This Mnuchin-Powell beef comes at the worst time

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Today's Agenda

Who's got two thumbs and wants to take back money from the Fed?

Photographer: Bloomberg/Bloomberg

Why Are the Helpers Fighting?

The late Fred Rogers famously recommended telling children to "look for the helpers" whenever there was terrible news. No matter the disaster, it's always encouraging to see grownups rushing to repair the damage. Unfortunately, Mr. Rogers had no advice for what to do when the helpers start brawling before the emergency is over.

For several months this year, Treasury Secretary Steven Mnuchin was one of our best, most heroic helpers, pumping billions of dollars into the economy to limit the pandemic's pain. Now he wants to claw many of those billions back from his co-helper, the Federal Reserve. Chairman Jay Powell is resisting. As Brian Chappatta notes, such a public feud is not normal and definitely not helpful, especially not with the economic recovery teetering as coronavirus cases soar. 

Mnuchin says the money he takes from the Fed could help in other ways. Maybe, but it feels an awful lot like another way for President Donald Trump to sabotage President-elect Joe Biden, writes Bloomberg's editorial board. The economy still needs the lending facilities Mnuchin is trying to shut down, and the Fed should resist him until Biden comes to the rescue.

But the Mnuchin-Powell spat is just part of a global trend, writes Mohamed El-Erian, of initial heroic efforts giving way to caution and division. Markets are taking it more or less in stride, but the risks keep piling up, with stocks near all-time highs, notes John Authers.

Of course, a hamstrung Fed will just mean even more quantitative easing forever, writes Dan Moss, which tends to boost markets, along with emerging economies via a weaker dollar. But it's not healthy. We need all the helpers we can get. 

How to Thanksgiving

New York Times columnist Farhad Manjoo sparked a bit of a firestorm today with an essay in which he discovered his Covid-19 "pod" wasn't quite as isolated as he thought but decided to travel for Thanksgiving anyway. As it will no doubt shock you to learn, not everyone on the internet agreed with his choice. You may be making similar agonizing decisions yourself and won't find travel-shaming convincing. Bloomberg Opinion is here to help: Max Nisen, Sarah Green Carmichael, Justin Fox and Faye Flam share their advice on whether and how one can safely gorge oneself in the company of friends and/or relatives.  

As anybody who frequents bodegas knows, many small shopping trips often end up costing a lot more than giant ones. That's one reason the smaller gatherings of this pandemic Thanksgiving are great news for grocers, write Andrea Felsted and Sarah Halzack. Lonely people are stuffing their feelings by splurging on more expensive food. The smaller turkey portions we're all buying cost more than the giant, loss-leading whole turkeys we usually make for bigger feasts. Your bodega is thankful.

The FDA Has an Itchy Approval Finger

When Trump got sick with Covid-19 last month, his cocktail of experimental "miracle" treatments included the Gilead drug remdesivir. The president was already so jazzed about this drug that he had cornered the global market for the stuff months earlier. And shortly after his illness, the FDA gave the drug full approval to treat Covid patients. But it turns out all of this — the market-cornering, the president-touting, the quick-approving — was premature. Yesterday the World Health Organization recommended against using remdesivir to treat Covid, citing further studies showing limited benefits. The whole episode, Tim O'Brien writes, raises serious questions about the FDA approval process on Trump's watch. Such concerns could affect uptake of a quickly approved vaccine.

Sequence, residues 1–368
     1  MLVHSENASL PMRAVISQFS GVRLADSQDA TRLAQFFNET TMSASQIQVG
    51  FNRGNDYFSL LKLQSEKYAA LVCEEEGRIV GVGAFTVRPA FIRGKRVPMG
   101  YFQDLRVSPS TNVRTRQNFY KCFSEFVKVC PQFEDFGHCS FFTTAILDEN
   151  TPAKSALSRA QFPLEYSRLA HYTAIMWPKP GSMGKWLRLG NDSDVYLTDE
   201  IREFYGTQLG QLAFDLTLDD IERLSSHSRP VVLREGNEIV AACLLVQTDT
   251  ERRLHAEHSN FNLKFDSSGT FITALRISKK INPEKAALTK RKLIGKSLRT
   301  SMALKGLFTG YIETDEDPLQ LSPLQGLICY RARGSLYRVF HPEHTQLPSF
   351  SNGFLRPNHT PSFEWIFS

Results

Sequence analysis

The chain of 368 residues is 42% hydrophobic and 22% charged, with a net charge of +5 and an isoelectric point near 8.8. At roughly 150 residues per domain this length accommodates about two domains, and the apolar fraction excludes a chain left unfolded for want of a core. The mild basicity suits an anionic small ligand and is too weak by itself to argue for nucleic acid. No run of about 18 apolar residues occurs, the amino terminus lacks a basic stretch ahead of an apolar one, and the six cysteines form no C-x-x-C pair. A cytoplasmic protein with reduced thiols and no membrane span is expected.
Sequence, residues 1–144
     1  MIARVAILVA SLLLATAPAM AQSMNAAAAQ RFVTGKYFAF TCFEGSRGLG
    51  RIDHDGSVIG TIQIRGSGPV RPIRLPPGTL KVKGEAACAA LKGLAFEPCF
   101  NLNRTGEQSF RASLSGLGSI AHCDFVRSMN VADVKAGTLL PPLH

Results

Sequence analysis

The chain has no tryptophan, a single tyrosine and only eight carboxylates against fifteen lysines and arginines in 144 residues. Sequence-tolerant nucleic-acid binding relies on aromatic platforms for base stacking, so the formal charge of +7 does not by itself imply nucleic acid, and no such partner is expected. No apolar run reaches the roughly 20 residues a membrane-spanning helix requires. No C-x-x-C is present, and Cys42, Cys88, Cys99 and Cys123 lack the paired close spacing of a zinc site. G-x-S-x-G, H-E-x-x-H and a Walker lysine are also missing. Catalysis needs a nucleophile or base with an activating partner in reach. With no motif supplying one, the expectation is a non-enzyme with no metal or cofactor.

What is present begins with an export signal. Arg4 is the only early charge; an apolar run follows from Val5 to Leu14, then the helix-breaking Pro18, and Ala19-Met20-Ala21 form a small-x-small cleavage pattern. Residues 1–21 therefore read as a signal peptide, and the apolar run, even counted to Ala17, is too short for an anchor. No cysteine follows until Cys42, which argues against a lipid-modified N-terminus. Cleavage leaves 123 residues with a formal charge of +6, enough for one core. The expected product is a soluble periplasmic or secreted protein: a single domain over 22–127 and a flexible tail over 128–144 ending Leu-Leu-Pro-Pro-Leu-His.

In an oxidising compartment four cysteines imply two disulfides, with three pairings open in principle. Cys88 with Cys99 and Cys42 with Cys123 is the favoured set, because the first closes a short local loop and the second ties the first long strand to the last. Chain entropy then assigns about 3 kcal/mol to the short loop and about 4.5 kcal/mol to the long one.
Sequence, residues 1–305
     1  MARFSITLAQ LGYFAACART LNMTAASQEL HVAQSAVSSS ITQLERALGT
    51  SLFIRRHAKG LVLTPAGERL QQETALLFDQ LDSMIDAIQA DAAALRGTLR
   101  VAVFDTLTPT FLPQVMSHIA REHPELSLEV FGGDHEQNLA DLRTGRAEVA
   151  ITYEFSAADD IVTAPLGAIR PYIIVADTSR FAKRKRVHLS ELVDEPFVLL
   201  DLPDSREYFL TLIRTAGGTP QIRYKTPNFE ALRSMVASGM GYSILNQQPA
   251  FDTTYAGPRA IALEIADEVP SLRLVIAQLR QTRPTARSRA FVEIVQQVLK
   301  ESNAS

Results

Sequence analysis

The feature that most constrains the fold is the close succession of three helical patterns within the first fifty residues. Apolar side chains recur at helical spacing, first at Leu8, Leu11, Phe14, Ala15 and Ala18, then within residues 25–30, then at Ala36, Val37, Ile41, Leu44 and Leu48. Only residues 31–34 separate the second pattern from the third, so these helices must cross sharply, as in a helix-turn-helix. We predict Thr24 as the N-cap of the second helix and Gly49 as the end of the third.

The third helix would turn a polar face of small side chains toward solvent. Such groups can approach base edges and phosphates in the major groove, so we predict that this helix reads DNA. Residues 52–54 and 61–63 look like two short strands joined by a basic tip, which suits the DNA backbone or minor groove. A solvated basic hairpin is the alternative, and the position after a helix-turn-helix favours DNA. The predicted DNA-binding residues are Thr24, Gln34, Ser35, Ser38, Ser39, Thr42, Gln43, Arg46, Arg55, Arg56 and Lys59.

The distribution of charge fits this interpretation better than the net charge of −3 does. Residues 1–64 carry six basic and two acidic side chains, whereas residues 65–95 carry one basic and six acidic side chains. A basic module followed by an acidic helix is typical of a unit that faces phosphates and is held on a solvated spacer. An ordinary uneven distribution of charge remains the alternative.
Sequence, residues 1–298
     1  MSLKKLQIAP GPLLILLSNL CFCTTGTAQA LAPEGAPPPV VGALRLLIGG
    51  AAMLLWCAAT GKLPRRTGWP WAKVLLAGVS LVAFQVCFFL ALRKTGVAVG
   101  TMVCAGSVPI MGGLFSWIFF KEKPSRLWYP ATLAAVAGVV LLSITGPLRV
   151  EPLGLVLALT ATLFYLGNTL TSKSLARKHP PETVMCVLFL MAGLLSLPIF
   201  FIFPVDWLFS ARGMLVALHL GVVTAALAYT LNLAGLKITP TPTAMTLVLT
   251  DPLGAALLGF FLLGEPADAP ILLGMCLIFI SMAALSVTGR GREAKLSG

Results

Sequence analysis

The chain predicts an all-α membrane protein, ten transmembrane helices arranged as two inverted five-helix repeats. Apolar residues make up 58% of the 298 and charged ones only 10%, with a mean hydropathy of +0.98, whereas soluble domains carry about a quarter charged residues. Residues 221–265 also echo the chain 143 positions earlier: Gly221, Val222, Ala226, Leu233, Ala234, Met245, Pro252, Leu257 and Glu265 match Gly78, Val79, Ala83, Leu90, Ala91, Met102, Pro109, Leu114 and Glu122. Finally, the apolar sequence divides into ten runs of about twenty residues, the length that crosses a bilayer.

Telltale Charts

As if the pandemic and political upheaval weren't bad enough, now we've got a zombie problem — corporate zombies, that is, or companies whose cash flow doesn't even cover their interest expenses. These are suddenly swarming like it's World War Z. But as Brian Chappatta, Tara Lachapelle, Brooke Sutherland and Sarah Halzack point out, not all of them are really scary.

Maybe you've never heard of the video game Roblox, but my preteen daughter would cut somebody's throat to play an extra hour of it. Tae Kim writes this company, which just filed to go public, has a very huge, very fanatical, very young user base.

Further Reading

America is getting left out of Asian trade deals and losing influence, another argument for Biden rejoining the TPP. — Bloomberg's editorial board 

China keeps raging at other countries over slights, which helps explain why its own influence isn't so hot. — Mihir Sharma 

The City of London wants to anchor a global carbon market. Too bad there isn't any. — Elisa Martinuzzi and Marcus Ashworth 

Trump has wrecked government's inner workings, inviting incompetence and corruption. — Max Stier 

It's a good moment to stop and be thankful for what actually works in our democracy. — Jonathan Bernstein 

How to make a budget in 25 minutes. — Teresa Ghilarducci 

ICYMI

Georgia is about to certify Biden's victory there.

Republican senators are starting to break with Trump.

China is ignoring Elon Musk and pursuing hydrogen-powered vehicles.

Kickers

Doctors revived a man 45 minutes after his heart stopped. (h/t Uffe Galsgaard)

A book returned to an Ontario library may be 100 years overdue. (h/t Mike Smedley)

Hyperbaric oxygen therapy could reverse aging.

What you learn from reading 100 books in two years.

Note: Please send library books and complaints to Mark Gongloff at mgongloff1@bloomberg.net.

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